Marketing the business of fun: Visitor profile to provide details of Joplin tourism | News

Marketing the business of fun: Visitor profile to provide details of Joplin tourism | News

A serious look at those who come to Joplin for the business of fun will be taken to further local efforts at tourism and event marketing.

There are a few things that the Joplin Convention and Visitors Bureau knows about those who visit Joplin for that purpose.

For one, the top drive-to attraction here is Missouri’s only continuously flowing waterfall, Grand Falls.

Another is the sweet downtown attraction that is the No. 1 stop of bus tours — the Candy House Gourmet chocolate shop at 510 Kentucky Ave.

Other popular tourism sites in Joplin are:

Route 66 with its original path that winds through Royal Heights and down Langston Hughes-Broadway to Main Street, or its later alternate designation on Seventh Street from the east city limits west to Kansas.

The garage apartment at 3347 1/2 Oak Ridge Drive where Bonnie and Clyde and the famed Barrow gang hid out in 1933 and then shot their way out of town, killing two local lawmen in their getaway.

The Tri-State Marker established by an 1857 survey crew. People can see the monument at the three corners of Missouri, Kansas and Oklahoma at the junction of the state lines on a gravel road off of Downstream Casino Boulevard near Exit 1 of Interstate 44.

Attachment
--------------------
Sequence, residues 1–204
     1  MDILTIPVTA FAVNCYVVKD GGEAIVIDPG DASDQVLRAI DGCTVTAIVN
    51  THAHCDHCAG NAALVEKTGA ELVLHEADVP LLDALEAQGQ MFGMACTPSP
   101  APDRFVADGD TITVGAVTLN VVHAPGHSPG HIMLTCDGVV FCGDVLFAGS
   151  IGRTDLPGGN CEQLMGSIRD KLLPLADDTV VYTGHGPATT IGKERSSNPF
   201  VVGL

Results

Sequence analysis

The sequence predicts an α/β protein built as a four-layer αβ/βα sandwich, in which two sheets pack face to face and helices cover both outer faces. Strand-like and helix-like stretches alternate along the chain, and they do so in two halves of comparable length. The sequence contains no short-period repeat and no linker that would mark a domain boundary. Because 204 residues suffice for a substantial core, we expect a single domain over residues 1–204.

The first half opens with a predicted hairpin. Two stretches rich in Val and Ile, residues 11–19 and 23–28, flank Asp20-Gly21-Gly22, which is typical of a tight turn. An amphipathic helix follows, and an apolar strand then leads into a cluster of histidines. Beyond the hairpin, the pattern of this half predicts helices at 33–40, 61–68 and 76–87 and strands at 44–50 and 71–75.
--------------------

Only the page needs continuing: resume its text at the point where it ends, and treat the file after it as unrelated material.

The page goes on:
But more details about those who come here or stop off in Joplin are to be collected and analyzed over the next year to provide a visitor profile that the Joplin Convention and Visitors Bureau, the Joplin Sports Authority and others can use to increase business.

Profile detailsInformation gathered will be available to those in the hospitality and tourism industries locally as well as elected officials, economic development organizations and community leaders. The findings will be used by the convention bureau and the Joplin Sports Authority to sustain existing programs and attract new tourism activities, said Patrick Tuttle, director of the bureau.

“The use of a visitor profile is to help in marketing efforts,” he said.

Guests will be surveyed while they are here, when they are leaving Joplin, or after their stay if they leave an email address where a survey can be sent.